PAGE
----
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Interpreting Littleton v. Prange

court intentionally avoideda creating a legal definition of sex

On May 13, 2009, Kiesa Kay shared an op/ed piece from New York Times titled "Is My Marriage Gay?" by Jennifer Finney Boylan. The following is from an exchange between Emi and Elise Hendrick over Boylan's article.

Forum: WMST-L
Date: 05/13/2009

Hello people,

On May 13, 2009, at 12:30 AM, Kiesa Kay wrote:

This simple article offers insight:

Please be advised that this opinion piece contains an inaccurate claim about the rights of intersex people. The article states:

A 1999 ruling in San Antonio, in Littleton v. Prange, determined that marriage could be only between people with different chromosomes. The result, of course, was that lesbian couples in that jurisdiction were then allowed to wed as long as one member of the couple had a Y chromosome, which is the case with both transgendered male-to-females and people born with conditions like androgen insensitivity syndrome.

In Littleton case, a marriage between a transsexual woman and her deceased (cissexual) husband was invalidated under the theory that Christie Littleton, a male-to-female transsexual, was a man despite her complete transition to living as a woman.

But the ruling does not single out the presence of the Y chromosome as the defining marker of maleness, or state "that marriage could be only between people with different chromosomes." The court simply found that Littleton was male, even though she clearly "wants and believes herself to be a woman."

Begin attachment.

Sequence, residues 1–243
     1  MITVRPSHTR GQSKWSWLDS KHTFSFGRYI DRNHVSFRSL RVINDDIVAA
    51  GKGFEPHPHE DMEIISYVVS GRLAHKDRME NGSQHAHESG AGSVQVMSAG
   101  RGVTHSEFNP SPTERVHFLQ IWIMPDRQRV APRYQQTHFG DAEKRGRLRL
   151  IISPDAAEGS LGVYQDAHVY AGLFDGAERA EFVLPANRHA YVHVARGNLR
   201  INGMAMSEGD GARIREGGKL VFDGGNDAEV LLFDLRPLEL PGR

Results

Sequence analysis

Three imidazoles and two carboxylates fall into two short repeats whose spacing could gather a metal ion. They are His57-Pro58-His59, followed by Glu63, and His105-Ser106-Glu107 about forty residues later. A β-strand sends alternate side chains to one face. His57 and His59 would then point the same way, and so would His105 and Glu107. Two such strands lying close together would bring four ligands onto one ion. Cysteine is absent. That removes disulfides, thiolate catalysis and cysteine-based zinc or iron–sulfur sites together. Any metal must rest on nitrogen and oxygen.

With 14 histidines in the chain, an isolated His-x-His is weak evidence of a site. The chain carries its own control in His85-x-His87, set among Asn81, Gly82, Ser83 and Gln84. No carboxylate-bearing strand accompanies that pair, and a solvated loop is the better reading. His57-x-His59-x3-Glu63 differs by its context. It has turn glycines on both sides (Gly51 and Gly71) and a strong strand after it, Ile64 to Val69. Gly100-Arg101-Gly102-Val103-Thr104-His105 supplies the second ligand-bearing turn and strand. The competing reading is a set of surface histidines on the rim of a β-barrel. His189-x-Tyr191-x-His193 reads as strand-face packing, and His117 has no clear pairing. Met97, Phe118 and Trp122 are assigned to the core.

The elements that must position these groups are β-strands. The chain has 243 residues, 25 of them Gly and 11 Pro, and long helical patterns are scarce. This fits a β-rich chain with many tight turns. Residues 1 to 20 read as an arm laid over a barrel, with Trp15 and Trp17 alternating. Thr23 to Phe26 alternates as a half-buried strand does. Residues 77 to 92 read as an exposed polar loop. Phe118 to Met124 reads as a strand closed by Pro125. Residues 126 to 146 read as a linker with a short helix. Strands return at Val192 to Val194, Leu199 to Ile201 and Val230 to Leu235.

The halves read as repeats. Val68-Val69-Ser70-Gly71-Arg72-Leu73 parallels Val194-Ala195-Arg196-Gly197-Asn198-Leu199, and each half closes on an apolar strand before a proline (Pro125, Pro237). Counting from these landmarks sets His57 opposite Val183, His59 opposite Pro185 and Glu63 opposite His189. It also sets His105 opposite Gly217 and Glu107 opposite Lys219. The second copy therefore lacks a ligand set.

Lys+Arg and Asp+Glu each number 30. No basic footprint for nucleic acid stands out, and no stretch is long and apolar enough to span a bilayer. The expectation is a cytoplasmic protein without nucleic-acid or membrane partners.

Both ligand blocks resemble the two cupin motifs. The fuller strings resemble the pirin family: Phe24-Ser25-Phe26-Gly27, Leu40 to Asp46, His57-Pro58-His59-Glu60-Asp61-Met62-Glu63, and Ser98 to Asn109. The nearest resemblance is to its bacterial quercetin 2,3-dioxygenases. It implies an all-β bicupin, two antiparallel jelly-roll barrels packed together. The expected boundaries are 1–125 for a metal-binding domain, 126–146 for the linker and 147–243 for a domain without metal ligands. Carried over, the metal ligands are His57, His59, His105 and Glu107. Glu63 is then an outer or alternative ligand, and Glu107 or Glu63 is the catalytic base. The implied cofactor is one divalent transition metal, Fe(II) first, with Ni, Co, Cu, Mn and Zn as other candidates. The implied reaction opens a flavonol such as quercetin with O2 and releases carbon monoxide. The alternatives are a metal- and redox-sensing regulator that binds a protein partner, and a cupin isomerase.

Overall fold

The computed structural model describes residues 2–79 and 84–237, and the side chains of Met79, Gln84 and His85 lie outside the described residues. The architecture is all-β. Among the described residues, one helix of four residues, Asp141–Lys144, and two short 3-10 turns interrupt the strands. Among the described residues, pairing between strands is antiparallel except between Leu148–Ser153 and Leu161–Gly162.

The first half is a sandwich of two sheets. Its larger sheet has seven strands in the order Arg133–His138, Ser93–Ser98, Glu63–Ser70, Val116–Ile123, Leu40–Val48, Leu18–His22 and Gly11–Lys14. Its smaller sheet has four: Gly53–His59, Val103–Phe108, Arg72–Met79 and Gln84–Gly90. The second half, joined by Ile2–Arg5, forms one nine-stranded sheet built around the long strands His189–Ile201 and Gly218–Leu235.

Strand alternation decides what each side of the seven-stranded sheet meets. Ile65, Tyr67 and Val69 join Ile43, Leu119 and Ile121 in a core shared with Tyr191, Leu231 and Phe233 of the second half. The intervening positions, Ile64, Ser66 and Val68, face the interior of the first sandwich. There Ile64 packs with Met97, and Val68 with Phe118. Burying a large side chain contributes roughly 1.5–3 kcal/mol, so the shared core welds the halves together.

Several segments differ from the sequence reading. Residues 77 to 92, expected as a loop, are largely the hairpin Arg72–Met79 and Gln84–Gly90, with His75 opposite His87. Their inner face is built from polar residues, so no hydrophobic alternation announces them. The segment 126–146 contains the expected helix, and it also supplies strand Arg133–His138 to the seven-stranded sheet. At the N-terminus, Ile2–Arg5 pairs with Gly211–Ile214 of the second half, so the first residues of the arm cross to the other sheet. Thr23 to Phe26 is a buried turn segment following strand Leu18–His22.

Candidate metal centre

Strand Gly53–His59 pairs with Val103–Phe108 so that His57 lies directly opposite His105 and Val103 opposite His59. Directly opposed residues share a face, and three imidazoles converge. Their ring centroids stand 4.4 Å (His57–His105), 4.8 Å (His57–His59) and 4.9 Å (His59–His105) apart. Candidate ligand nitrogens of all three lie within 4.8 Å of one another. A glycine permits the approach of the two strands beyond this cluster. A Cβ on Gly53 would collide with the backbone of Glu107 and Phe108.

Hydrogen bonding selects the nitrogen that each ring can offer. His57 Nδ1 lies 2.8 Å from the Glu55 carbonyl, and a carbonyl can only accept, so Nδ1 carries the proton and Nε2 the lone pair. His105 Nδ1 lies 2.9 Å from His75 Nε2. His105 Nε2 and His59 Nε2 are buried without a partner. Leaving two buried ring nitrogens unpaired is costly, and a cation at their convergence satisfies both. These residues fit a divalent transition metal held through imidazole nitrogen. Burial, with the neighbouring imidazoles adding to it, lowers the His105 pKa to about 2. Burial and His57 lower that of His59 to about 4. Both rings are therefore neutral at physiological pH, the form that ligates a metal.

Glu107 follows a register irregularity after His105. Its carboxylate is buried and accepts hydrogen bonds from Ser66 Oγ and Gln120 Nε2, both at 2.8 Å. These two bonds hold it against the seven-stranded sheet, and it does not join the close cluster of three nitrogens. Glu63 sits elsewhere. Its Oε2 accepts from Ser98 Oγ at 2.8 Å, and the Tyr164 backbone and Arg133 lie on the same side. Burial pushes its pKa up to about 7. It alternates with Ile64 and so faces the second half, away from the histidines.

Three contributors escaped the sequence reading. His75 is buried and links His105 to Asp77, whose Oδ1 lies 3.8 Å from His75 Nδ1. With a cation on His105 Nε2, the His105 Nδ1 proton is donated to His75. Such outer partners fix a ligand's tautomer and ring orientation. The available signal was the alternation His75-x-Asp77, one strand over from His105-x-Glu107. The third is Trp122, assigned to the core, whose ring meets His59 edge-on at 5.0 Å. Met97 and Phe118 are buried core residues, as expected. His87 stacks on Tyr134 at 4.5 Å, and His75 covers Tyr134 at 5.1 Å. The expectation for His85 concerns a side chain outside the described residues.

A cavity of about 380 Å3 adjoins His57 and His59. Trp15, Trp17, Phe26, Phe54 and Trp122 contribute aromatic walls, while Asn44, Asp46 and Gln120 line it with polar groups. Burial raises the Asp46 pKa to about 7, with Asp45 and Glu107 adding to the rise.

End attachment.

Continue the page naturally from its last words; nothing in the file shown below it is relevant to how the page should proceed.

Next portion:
Texas does not have any law specifically allowing transsexual people to change their legal sex. Littleton had her birth certificate amended by petitioning that it was "inaccurate"--and the change was allowed as her physician provided an expert opinion that she was female. However, the Littleton court ruled that the birth certificate should not have been amended, because her sex on the record (male) was not inaccurate at the time it was recorded. If the birth certificate was not amended, then Littleton is a man and therefore cannot marry another man, the court reasoned.

Like transsexual women, women with complete androgen insensitivity syndrome have XY chromosomes, but there usually isn't any doubt that they are female, and no court has ever re-classified them as male solely on the basis of their Y chromosome (the International Olympic Committee is a different story, but oh well...). There is nothing in the Littleton ruling that would threaten AIS women's marriage to (cissexual) men, or permit AIS women's marriage to women with XX chromosomes.

Further, in the concurring opinion, Justice Karen Angelini specifically wrote: "[Because] we lack statutory guidance at this time, we must instead be guided by biological factors such as chromosomes, gonads, and genitalia at birth. [...] such biological considerations are preferable to psychological factors as tools for making the decision we must make. I note, however, that 'real difficulties ... will occur if these three criteria [chromosomal, gonadal and genital tests] are not congruent.' We must recognize the fact that, even when biological factors are considered, there are those individuals whose sex may be ambiguous. Having recognized this fact, I express no opinion as to how the law would view such individuals with regard to marriage. We are, however, not presented with such a case at this time."

In short, Littleton ruling is a bad precedent for transsexual women, but it does not threaten the marriage of thousands of women with AIS who live in Texas, nor does it create a chromosome-based test for defining who is male or female. The prevailing philosophy behind the ruling is that of respecting legislative intent-- modification of birth certificate was not designed to be a way for transsexual people to change their legal sex, but to correct administrative errors--than anything else.